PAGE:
Covid-19 Notice: Sydney Lawyers by Appointment or tele-conference
Stay connected with Navado:

What are Consent Orders?

Consent Orders are a popular method of making a separation agreement formal and enforceable, whether it is reached privately, in family dispute resolution, or by negotiation between lawyers. Consent Orders are made by the Family Court or the Federal Circuit Court but, unlike other orders, they are made with the prior consent of both parties. Consent Orders state the agreed position reached on issues during family dispute resolution and/or settlement negotiations. Consent orders can be made about almost every matter within the jurisdiction of the Family Law Act 1975. They have the same level of authority, certainty and enforceability as any other court order.

You should obtain legal advice prior to applying for consent orders with the Family Court or Federal Circuit Court as once the orders are made, depending on the circumstances, it can be difficult to amend the Consent Orders.

The court is not bound to make all and any orders that parties apply for ‘by consent’. In an Application for Consent Orders, the court will usually need to have all the relevant evidence before it as the court may consider the same factors as it would if it were making the orders without consent. If the court is not satisfied that the consent orders are proper or just and equitable, it may decline to make the orders entirely or it may ask the parties to appear in court to provide further information.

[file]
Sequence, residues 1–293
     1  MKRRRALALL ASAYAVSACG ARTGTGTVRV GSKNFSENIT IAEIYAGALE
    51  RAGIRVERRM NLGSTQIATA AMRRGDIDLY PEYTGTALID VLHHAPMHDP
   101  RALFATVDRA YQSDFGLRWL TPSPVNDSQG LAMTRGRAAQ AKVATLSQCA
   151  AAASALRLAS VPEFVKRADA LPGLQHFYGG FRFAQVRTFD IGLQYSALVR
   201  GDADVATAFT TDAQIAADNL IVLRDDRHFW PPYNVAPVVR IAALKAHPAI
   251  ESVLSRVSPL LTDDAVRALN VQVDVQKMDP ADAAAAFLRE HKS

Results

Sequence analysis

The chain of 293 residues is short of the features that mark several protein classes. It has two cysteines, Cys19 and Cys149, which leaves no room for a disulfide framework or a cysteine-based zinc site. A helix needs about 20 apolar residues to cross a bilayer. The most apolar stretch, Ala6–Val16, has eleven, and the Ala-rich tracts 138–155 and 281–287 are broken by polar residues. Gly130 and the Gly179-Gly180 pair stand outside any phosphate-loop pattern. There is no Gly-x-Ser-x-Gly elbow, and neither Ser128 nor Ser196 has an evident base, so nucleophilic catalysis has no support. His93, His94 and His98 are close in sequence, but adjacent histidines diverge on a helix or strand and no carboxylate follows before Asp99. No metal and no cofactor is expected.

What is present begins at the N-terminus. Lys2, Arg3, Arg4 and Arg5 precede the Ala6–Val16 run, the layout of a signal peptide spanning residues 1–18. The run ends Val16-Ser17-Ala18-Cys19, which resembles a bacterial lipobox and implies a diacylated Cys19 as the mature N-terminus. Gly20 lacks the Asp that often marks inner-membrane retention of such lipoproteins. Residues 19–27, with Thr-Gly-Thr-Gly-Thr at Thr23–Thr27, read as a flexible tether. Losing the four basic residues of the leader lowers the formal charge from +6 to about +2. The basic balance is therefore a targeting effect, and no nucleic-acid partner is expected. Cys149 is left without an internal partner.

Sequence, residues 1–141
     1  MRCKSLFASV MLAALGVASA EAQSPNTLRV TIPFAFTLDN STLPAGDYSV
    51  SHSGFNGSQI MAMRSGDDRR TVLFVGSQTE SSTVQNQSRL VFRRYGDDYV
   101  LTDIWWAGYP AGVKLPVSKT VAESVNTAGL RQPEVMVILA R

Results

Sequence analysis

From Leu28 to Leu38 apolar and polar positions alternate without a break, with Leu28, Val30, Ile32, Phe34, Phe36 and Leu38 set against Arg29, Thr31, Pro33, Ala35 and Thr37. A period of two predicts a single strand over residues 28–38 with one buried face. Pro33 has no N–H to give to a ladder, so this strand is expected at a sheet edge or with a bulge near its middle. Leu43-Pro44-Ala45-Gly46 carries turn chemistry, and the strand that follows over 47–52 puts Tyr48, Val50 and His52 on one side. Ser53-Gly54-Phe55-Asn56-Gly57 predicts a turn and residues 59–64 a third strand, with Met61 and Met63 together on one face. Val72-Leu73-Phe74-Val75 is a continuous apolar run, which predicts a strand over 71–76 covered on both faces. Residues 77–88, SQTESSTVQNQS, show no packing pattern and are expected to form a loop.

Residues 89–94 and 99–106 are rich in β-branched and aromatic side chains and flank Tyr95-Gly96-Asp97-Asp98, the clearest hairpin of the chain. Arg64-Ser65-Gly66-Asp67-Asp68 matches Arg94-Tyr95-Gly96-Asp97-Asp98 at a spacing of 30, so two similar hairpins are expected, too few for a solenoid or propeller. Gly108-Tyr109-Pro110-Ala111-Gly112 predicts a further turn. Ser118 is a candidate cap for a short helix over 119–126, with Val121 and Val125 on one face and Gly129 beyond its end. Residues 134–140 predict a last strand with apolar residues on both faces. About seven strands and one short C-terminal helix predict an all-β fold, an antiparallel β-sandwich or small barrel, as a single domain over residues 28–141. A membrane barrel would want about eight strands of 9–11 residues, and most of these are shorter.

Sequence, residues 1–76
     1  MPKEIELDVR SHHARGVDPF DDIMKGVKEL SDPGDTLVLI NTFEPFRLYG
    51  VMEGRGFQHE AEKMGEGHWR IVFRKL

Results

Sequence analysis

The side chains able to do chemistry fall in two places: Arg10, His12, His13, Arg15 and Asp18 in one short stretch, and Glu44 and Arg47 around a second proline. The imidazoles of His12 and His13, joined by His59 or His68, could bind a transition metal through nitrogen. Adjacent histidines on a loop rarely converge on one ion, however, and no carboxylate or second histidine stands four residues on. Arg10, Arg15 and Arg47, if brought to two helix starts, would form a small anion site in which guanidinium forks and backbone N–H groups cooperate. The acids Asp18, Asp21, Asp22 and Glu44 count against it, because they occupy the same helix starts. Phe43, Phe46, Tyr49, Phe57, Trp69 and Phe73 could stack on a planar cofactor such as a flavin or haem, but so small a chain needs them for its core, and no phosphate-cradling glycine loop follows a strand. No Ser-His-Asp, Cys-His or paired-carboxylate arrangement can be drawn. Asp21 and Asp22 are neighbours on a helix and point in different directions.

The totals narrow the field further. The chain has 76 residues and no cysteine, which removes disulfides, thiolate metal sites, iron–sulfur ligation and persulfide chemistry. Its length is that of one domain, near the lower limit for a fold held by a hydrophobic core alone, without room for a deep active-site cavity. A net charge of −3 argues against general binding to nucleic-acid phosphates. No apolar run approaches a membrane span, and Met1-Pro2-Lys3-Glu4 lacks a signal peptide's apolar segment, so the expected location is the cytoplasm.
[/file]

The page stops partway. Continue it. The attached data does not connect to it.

The Application for Consent Orders will generally require detailed financial information from each party if you are seeking orders in relation to property and/or financial issues. Besides the information required to be provided on the form, the parties making the application must also make “full and frank disclosure” about any other financial circumstances, such as, any trusts or property sold in the last 12 months prior to separation as well as superannuation.

Generally, you are required to explicitly set out the orders you and your partner specifically seek in an additional document usually referred to as Terms of Settlement which is attached to the Application for Consent Orders. It is vital that you understand and obtain legal advice in relation to effectively negotiating the terms of your settlement and the effect of the Application for Consent Orders.

This webpage (and any material or wording appearing on this webpage) is provided for general information purposes only and does not constitute any Legal Advice. It does not take into account your objectives, your instructions or all of the relevant facts and/or circumstances. Navado accepts no responsibility to any person who relies on the information provided on this website. We further refer you to our Disclaimer.

Navado Lawyers & Solicitors has the expertise to assist you with your property settlement matter.  To discuss your legal matter with a Sydney Family Lawyer, please contact Navado Lawyers Sydney by phone on 02 9233 4048 or email us at  This article was published by Sandra Mezher, Family Lawyer Sydney.


Bookmark and Share

Related Practice Areas

Related FAQs

Comments (0)

Add a Comment

To use reCAPTCHA you must get an API key from

Allowed tags: <b><i><br>Add a new comment:

Quick enquiry
  • Request an appointment

Where to find us?

Sydney (Head Office)
Level 10, 309 Pitt Street.

Level 7, 91 Phillip Street.

Level 6, 10 Help Street.

Ground Floor, 5 Railway Parade.

In NSW, Interstate or International?
Initial Consultations are available by Skype or Tele-Conference.

Stay connected